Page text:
{ Invitation Pro Tip #13 } Words frequently spelled incorrectly on invitations – even with spell check

I’ve previously posted a checklist to use while proofreading your invitations.

Which is very important. But there are lots of words that confuse spell check even when spelled correctly, regional differences, and things that might strike up a debate depending on who you ask.

1. accommodations … two C’s, two M’s. In the U.S., we like the S at the end. Everyone else doesn’t. Both are technically correct.

2. website … only recently did this”officially” become the correct according to the AP Stylebook. One word. No capital W. Thank goodness, because most designers I know prefer it this way anyway because it looks nicer : )

3. email … no capital E. No hyphen. Also recently deemed the official spelling according to the AP Stylebook folks, and I couldn’t be happier about it!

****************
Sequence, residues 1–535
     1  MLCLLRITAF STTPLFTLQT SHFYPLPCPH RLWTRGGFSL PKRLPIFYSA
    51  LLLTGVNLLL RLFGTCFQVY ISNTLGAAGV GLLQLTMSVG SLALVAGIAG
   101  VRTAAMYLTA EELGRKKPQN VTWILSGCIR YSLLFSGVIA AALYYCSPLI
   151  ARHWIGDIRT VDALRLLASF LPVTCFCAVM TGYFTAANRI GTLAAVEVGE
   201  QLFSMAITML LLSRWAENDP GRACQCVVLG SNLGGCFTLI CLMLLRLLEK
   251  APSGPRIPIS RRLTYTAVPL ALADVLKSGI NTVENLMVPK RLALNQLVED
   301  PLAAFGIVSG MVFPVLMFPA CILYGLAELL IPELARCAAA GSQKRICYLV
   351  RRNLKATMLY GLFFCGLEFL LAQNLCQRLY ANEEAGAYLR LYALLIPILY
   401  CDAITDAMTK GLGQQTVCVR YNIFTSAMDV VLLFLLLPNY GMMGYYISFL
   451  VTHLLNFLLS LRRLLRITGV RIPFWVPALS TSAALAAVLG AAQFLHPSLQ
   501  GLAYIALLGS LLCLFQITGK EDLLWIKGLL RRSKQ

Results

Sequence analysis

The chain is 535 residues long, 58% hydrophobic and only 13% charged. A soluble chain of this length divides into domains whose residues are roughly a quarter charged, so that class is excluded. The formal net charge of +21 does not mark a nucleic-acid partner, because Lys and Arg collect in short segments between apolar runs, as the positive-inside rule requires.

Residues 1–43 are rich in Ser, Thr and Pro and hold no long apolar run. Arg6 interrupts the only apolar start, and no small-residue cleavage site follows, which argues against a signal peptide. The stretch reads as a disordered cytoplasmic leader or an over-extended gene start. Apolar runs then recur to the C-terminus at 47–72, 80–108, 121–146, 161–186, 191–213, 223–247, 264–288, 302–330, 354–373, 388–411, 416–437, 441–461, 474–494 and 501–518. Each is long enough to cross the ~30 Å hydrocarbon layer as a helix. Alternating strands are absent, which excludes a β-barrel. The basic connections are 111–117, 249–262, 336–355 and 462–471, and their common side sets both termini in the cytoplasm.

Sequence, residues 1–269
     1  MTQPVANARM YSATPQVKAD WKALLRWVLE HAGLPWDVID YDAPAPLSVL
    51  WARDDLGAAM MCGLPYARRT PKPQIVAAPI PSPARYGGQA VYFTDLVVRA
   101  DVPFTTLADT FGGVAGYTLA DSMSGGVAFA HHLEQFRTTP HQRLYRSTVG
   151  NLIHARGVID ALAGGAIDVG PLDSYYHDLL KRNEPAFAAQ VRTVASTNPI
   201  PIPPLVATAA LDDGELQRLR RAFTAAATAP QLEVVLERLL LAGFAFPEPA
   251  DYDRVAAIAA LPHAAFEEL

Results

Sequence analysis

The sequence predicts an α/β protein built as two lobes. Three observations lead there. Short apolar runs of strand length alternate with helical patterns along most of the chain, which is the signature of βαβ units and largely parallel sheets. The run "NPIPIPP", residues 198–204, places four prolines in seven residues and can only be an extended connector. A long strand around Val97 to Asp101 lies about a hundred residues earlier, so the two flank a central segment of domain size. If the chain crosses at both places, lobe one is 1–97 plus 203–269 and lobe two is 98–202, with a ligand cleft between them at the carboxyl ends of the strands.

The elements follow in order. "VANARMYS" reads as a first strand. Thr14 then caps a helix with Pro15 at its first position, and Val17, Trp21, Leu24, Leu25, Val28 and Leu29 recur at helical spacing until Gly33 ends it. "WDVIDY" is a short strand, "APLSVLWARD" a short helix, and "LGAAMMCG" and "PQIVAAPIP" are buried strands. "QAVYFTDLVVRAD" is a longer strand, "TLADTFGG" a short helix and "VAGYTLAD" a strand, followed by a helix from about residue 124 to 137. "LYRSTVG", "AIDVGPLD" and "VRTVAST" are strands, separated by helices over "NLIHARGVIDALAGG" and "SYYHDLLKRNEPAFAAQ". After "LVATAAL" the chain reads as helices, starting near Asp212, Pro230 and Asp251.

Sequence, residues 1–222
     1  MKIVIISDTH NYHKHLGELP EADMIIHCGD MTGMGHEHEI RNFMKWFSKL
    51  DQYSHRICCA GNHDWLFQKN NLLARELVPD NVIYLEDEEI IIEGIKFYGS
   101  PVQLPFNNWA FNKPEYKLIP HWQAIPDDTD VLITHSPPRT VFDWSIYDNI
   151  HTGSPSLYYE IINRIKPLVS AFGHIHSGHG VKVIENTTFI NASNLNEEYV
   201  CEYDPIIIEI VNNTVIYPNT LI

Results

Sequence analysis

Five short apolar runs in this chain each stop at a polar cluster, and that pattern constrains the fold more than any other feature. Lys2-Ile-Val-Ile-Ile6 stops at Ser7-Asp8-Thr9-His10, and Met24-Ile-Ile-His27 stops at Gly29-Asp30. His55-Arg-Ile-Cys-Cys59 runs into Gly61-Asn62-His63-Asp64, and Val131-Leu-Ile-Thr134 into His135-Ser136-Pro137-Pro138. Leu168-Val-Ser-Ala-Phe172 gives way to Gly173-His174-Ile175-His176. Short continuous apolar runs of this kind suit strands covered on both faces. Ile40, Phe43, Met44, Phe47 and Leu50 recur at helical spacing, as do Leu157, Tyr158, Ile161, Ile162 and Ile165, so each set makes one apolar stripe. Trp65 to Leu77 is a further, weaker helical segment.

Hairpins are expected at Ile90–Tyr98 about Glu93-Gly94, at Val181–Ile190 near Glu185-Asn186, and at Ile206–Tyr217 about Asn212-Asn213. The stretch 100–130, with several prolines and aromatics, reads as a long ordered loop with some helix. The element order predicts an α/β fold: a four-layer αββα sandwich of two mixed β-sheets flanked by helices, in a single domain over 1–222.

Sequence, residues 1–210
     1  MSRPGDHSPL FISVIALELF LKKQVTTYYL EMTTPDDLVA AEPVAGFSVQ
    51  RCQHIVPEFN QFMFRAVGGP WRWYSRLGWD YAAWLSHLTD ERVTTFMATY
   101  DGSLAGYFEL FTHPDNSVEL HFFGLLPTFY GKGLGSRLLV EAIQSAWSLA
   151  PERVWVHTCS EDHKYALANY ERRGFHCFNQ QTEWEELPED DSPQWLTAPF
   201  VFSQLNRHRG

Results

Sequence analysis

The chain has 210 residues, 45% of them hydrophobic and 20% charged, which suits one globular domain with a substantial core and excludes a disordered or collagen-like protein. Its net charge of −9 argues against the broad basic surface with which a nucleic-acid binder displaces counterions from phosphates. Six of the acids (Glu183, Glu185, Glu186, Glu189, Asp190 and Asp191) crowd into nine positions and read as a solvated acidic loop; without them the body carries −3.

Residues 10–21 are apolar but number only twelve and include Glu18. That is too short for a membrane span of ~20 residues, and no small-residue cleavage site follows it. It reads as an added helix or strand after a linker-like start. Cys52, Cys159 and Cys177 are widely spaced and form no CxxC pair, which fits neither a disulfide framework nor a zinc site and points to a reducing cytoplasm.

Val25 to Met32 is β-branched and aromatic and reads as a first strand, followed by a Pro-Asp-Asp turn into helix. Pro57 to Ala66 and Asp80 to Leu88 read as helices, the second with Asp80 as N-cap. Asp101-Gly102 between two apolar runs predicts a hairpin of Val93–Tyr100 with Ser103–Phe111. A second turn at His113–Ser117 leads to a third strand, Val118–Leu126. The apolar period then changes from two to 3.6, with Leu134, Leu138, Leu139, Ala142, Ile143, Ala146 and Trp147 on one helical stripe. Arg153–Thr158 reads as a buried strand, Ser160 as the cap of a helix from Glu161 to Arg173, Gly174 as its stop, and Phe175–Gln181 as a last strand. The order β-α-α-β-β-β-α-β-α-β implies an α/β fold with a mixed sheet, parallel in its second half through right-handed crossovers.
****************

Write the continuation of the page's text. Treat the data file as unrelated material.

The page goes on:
4. traveler … used on many Custom Paper Works rsvp cards. Traveller (with two L’s) is how the U.K. prefers it.

5. regrettably, regretfully … two T’s in one, one T in the other.

6. two thousand eighteen (two thousand nineteen, two thousand twenty), etc … big debate here! There is NO “and”. No hyphens. Alternately, “twenty seventeen” has been deemed appropriate as well.

7. honour/honor … either way is fine, but be consistent throughout all OU-vs-O words.

8. presence … never presents. That is a post for another day.

9. Street, Avenue, Boulevard, Circle, etc. should be written out as full words. It reads nicer than the abbreviated version. And looks ten times prettier.

10. NO double spaces between sentences. These do not exist in graphic design world. Period.

11. dessert is food (the best kind!) … desert is a sandy place you don’t want to be stuck without food.

12. hors d’oeuvres / hors d’oeuvre … is how you spell them. Spell check doesn’t like either version.

Whoops! More than 10. I will update the post as I’m reminded of more.

See more of our invitation tips HERE.

2017-10-24T18:12:30+00:00